Canada: Free speech on trial
The Canadian government is deciding whether Maclean's magazine broke the law by publishing an article by Mark Steyn that Canadian Muslims found offensive.
The Canadians may be our next-door neighbors, said David Harsanyi in The Denver Post, but that doesn’t mean they share our values. In a “disturbing demonstration” of this cultural gulf, Canada’s government thought police are currently deciding whether Maclean’s, the nation’s biggest-selling magazine, broke the law by printing an article that Muslims found offensive. The article, by the well-known conservative writer Mark Steyn, warned that “extremist” Muslims will become “a successor population” in Europe because of their high birth rate, and that “the only question is how bloody the transfer of real estate will be.” After complaints from Muslim groups, the Ontario Human Rights Commission agreed that Steyn’s views constituted unacceptable “hate speech,” and now both man and magazine are facing as-yet unspecified sanctions from the Canadian Human Rights Commission. For Americans, this case is rather shocking. We knew free speech was an alien concept in places like Zimbabwe or North Korea. But in Canada?
Actually, most Western nations have some limits on speech, said Adam Liptak in The New York Times. The idea that newspapers and magazines should be free to say whatever they like about entire groups of people—“even false, provocative, or hateful things”—is a uniquely American idea, and some U.S. scholars are starting to wonder whether we shouldn’t reconsider our absolutist position. “People will always differ” on precisely where legitimate criticism crosses the line into inflammatory “hate speech,” said Haroon Siddiqui in The Toronto Star, but surely we can all agree that the concept of free speech should not be taken as “a license to target vulnerable groups.” For those who know their history, the argument that the members of some particular ethnic or religious group “have taken over the world, or are about to,” usually is the precursor to a genocide.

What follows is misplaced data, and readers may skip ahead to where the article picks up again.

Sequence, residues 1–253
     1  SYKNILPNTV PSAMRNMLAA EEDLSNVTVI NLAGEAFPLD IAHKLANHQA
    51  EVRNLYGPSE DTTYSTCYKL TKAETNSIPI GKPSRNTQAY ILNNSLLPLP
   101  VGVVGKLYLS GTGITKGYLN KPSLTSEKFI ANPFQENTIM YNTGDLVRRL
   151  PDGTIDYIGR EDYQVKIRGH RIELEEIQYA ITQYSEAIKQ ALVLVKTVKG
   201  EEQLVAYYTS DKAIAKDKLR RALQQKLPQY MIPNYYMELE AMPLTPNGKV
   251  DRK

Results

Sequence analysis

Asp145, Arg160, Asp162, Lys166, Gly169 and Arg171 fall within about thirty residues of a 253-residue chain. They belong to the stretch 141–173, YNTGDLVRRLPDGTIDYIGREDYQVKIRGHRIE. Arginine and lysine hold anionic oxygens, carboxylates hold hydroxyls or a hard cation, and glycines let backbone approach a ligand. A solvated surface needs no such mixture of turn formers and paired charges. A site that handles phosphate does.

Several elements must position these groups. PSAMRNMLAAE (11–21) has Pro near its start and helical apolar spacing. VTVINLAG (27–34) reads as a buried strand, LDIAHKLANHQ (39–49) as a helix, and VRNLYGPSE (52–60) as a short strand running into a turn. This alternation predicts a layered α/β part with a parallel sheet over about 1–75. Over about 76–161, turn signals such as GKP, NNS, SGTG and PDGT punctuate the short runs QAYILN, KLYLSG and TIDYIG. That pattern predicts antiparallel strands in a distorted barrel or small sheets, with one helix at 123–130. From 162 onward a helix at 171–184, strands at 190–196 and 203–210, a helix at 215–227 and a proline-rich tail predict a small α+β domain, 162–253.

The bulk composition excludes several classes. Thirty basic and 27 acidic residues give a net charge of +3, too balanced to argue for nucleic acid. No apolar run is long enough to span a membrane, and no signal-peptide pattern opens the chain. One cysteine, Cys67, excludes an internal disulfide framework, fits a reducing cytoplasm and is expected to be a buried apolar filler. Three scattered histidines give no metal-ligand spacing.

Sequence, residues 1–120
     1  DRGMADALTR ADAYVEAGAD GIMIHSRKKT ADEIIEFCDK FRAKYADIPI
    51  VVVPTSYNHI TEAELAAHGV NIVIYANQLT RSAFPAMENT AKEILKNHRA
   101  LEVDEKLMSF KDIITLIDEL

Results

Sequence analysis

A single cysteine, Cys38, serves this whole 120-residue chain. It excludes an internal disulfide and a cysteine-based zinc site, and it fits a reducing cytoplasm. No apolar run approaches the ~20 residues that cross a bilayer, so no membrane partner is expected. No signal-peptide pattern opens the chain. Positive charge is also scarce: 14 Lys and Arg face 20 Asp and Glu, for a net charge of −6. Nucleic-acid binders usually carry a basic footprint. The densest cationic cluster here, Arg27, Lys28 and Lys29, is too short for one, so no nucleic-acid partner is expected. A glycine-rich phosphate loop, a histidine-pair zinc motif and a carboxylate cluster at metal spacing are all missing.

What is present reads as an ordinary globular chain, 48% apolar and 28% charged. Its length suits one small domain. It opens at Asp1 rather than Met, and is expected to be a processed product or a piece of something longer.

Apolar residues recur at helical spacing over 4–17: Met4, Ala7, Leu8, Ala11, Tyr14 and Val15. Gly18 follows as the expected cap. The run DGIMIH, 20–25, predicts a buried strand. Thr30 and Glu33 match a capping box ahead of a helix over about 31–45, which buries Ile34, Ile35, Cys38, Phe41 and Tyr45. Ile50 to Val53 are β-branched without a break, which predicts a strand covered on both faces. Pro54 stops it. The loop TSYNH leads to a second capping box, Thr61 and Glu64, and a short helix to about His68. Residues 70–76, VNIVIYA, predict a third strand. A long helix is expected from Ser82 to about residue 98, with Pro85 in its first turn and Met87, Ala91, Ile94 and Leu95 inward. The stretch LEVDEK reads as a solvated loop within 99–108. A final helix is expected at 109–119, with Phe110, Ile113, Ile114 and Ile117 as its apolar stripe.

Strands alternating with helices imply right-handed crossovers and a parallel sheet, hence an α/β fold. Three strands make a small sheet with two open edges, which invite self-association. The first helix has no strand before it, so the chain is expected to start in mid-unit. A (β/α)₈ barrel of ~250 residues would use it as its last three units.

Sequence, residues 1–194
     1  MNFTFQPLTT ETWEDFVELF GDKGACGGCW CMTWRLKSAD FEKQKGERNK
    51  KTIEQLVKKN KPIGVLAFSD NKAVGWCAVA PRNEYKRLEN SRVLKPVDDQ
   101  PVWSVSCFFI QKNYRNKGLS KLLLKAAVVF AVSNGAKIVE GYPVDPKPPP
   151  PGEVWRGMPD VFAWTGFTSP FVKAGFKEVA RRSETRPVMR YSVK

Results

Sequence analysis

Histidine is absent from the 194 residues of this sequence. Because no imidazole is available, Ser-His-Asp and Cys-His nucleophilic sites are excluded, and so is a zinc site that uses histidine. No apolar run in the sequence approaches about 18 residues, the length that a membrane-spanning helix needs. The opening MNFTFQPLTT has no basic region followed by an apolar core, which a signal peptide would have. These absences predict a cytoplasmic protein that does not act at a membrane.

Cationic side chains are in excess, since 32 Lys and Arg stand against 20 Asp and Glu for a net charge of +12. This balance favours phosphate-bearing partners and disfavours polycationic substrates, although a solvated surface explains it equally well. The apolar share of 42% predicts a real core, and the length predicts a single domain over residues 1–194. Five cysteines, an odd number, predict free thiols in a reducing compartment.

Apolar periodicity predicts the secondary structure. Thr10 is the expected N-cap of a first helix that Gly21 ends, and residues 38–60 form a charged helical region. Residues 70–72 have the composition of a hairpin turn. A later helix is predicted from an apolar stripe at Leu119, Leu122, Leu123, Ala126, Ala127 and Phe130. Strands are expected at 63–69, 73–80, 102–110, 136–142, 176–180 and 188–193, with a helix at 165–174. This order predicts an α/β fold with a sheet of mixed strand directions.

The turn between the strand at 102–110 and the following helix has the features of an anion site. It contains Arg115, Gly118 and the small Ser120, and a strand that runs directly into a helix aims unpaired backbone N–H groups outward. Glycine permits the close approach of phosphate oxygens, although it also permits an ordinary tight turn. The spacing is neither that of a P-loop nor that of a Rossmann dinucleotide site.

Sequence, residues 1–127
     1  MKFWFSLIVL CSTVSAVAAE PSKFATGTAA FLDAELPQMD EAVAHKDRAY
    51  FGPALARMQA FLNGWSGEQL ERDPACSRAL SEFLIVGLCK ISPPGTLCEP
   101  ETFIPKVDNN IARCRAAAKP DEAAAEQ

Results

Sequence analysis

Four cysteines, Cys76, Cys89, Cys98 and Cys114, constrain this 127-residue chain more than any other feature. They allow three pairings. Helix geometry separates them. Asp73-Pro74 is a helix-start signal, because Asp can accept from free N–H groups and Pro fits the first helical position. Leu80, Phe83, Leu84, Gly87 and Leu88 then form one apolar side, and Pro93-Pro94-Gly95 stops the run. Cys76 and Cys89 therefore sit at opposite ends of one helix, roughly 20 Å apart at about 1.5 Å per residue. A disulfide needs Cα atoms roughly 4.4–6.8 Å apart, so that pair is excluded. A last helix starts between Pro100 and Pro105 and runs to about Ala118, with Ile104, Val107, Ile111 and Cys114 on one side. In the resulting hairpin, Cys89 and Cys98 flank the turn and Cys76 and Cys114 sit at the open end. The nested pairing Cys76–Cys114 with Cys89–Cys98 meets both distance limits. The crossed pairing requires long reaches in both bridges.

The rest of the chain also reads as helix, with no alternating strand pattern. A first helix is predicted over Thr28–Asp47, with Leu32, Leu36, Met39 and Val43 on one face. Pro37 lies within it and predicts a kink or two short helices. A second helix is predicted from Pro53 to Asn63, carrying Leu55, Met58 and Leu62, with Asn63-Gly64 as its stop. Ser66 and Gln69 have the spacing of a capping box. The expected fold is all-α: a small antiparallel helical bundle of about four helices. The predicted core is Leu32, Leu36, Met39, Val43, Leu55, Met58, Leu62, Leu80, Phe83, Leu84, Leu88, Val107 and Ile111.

But how does one properly define “hate speech”? asked Jonah Goldberg in National Review Online. There is a difference between telling a hurtful lie and telling an uncomfortable truth, and it happens to be true that the Muslim birth rate far outpaces that of native Western Europeans. But under Canada’s ridiculous “hate speech” laws, truth is not a defense. If some ancestor of Mark Steyn’s had written an article in 1938 speculating that the Germans were about to try taking over Europe, said Peter McKnight in The Vancouver Sun, would that have been unacceptably hateful? If it’s irrelevant to the system whether the statements at issue are true or false, “then we have arrived at a truly Orwellian state of affairs.”